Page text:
Animal Research at CDC: Achieving a Delicate Balance
For many, scientific research involving the use of animals is a nagging moral question of the potential health benefits to all humans versus the treatment of the animal test subjects. For others, it is an issue in which the end never justifies the means, calling for acts of sometimes extreme civil disobedience. Ask Ron Otten, PhD, CCID, NCHHSTP, for his position on the issue, and the answer is unequivocal but hardly unexamined. "There has always been some inner conflict for me, but a lot of that was put to rest during my travel in east Africa," he says. "I have seen the valuable role that animal research can fulfill—not only in the field of HIV/AIDS research but across the spectrum. The bottom line is, we need this… It has its place."
A research microbiologist in the Division of HIV/AIDS Prevention, Laboratory Branch, Dr. Otten has more than a passing interest in and knowledge of the realities of animal care and research at CDC. In addition to working as a lead scientist within the Laboratory Branch, he also serves as the chairperson of the Institutional Animal Care and Use Committee (IACUC) for CDC's Atlanta facility. The committee is appointed by the agency's Institutional Official (IO) to oversee its animal program, facilities, and procedures. (CDC maintains an IACUC at each of the three sites where animal research is performed—Atlanta, Fort Collins, and Morgantown.) IACUC's 11 voting members and two alternates meet twice monthly to review, approve, monitor, and oversee the use of animals for research, teaching, training, or exhibition.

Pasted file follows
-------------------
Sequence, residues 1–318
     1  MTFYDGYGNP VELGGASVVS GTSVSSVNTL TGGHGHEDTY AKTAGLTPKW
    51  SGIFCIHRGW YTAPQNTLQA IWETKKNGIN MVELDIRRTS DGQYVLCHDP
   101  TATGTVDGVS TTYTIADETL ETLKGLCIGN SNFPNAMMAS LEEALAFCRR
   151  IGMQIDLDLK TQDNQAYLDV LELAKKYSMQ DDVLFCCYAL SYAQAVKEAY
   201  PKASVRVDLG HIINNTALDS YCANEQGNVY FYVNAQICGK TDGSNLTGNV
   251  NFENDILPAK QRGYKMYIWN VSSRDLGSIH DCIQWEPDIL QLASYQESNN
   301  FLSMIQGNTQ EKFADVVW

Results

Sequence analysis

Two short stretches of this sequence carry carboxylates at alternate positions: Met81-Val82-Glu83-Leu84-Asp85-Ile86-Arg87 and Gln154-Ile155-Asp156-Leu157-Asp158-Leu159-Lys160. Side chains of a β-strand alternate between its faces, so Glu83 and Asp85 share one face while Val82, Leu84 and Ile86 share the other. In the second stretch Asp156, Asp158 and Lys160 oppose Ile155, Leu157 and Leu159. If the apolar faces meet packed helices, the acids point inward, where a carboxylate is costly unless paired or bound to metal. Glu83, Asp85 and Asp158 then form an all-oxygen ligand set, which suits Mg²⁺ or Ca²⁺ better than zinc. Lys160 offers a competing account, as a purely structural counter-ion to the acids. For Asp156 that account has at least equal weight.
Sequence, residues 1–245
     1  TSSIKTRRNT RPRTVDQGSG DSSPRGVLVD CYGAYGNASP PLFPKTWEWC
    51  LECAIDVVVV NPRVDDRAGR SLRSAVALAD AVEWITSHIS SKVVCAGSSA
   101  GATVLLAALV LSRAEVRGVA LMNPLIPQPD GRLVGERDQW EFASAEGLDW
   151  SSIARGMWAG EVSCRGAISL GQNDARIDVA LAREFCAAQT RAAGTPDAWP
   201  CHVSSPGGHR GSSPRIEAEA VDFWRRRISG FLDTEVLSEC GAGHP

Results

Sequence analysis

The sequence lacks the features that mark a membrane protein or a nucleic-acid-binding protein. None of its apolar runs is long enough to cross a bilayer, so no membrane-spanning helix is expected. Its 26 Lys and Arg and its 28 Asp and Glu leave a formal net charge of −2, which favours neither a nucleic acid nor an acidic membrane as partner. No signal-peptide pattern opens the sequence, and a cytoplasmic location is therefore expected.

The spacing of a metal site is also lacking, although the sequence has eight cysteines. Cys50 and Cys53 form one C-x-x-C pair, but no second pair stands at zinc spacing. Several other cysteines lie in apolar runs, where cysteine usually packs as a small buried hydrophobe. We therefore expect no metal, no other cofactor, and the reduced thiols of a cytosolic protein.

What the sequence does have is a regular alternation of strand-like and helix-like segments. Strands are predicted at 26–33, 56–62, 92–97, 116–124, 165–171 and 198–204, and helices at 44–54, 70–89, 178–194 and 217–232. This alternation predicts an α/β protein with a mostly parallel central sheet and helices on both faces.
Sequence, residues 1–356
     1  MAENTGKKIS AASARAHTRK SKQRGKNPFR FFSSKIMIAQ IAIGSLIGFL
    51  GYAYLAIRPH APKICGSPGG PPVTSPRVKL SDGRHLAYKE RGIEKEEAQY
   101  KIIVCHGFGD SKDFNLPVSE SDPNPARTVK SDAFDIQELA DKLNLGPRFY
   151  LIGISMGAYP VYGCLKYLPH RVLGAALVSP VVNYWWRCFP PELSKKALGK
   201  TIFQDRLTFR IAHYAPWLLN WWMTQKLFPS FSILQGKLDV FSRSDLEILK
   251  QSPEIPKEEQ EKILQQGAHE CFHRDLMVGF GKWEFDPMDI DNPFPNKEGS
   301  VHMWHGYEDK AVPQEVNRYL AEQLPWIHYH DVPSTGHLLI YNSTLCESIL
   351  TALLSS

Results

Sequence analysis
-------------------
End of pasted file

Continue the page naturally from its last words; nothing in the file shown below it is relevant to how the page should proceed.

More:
IACUC oversight is not unlike that provided by an Institutional Review Board (IRB) in cases of research involving human subjects. Under FDA regulations, an IRB is designated to review and monitor biomedical research involving human subjects and has the authority to approve, require modifications in, or disapprove research. This group review serves an important role in the protection of the rights and welfare of human research subjects—just as the IACUC system protects the welfare of animals.